Roundabout at Clearwater Junction tops discussion

Greenough-Potomac Fire Board

POTOMAC – Members of the Montana Department of Transportation Project Team (Team) for the Clearwater Junction Intersection Project met with the Greenough-Potomac Fire District Board to provide information and answer questions regarding the proposed roundabout. In mid-November 2021, MDT announced a high-speed roundabout, a roundabout on a high-speed roadway, was the preferred alternative of the six alternatives evaluated. The team has now entered the design phase and continues to encourage public input as they work to address safety, operations and community concerns.

“We have just identified the solution,” said Jacquelyn Smith, preconstruction engineer for MDT. “We have not done any of the design. We just have the concept.”

MDT has been evaluating the intersection of Highway 200 and Highway 83, commonly known as Clearwater Junction, for several years. Clearwater Junction is a major connection point for Helena, Missoula, Kalispell and the small towns in between.

Following a fatality, the Highway Safety Improvement Program identified the busy intersection as needing improvements to alleviate traffic and safety concerns.

Robert Peccia & Association Engineering Firm Project Manager April Gerth said the majority of the crashes, and the most severe crashes at the Clearwater Junction intersection, were from left hand turns resulting in a t-bone. The roundabout was the only alternative that provided the safety improvement that eliminated the left-hand turn therefore mitigating the crash cluster. The roundabout also addresses the congestion issue.

Gerth explained they would install a high-speed roundabout, something that is fairly common for dealing with a crash trend in a rural area. At the Junction, it would be designed for three approaches with curves, curb and gutter and raised median that start 800 - 1,000 feet from the center of the roundabout. Reduced speed signs would also be installed until the vehicle is traveling 25 miles per hour while in the roundabout.

Upon existing, the vehicle can immediately begin accelerating. Gerth estimates it would take 10-30 seconds to travel through the roundabout.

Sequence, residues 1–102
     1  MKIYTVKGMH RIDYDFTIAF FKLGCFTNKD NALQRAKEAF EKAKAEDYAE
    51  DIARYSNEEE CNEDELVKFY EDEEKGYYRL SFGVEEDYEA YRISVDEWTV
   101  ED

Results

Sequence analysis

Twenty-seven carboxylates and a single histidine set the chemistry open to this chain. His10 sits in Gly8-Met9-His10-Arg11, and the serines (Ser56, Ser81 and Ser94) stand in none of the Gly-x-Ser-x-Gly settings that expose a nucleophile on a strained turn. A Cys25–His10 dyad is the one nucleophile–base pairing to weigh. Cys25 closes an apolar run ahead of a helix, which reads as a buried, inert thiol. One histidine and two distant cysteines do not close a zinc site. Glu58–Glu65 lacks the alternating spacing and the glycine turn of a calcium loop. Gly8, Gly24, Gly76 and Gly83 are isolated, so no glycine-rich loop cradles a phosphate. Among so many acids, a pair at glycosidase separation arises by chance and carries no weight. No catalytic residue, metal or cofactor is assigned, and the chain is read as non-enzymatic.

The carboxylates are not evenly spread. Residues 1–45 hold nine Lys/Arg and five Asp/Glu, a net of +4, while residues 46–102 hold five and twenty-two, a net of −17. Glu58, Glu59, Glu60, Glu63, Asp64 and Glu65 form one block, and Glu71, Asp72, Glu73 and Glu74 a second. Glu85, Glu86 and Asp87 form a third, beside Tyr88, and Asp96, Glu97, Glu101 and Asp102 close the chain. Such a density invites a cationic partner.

“There is no shock to this,” Gerth said. “You are getting those triggers to slow down as you are coming through. And you really can’t go a lot faster than the geometrics are making you slow down.”

During the design, they will also address the approaches to the gas station, weigh station, rest area and boat check station.

In response to the suggestion simply reduce the speed limit, Gerth said, “What we have found is they just simply don’t work.”

She explained that, because there is no physical reason for drivers to slow down, people will take more risks and pull out too close to oncoming traffic that may or may not be traveling at the reduced speed.

The roundabout will also improve the ability and safety for pedestrians to cross, a criteria brought up by the public as a point of concern. Instead of crossing the exposed highway, a pedestrian can cross one lane in the roundabout, wait on the raised median and then cross another lane.

Gerth said they have not yet determined the location of the roundabout at the intersection.

“We need to do a lot more evaluation and look at a lot of different alternatives that we can do with that roundabout now that we are in the design phase,” Gerth said.

She estimating it would take them up to six months to determine the location. Then it will be several more years before they begin construction. The schedule has not yet been released for the project.

“This is safety driven so we want to get it done but it does take several years to develop projects and get them permitted,” Smith said. “Any right-of-way that we do, we will have to get that acquired before.”

Gerth said the project is designed for a 20-year life. The projected traffic volume is 12,000 vehicles per day.

The board raised concerns they felt should be considered with the design including usefulness as an Emergency Medical Service rendezvous point and location to land a helicopter. They also said good communication throughout the construction is essential for them to operate effectively. They also recommended reaching out to surrounding EMS services to ensure they were informed.

“We know construction is going to be disruptive,” Gerth said. “With EMS, we want to make sure we can get someone through there at any time during construction.”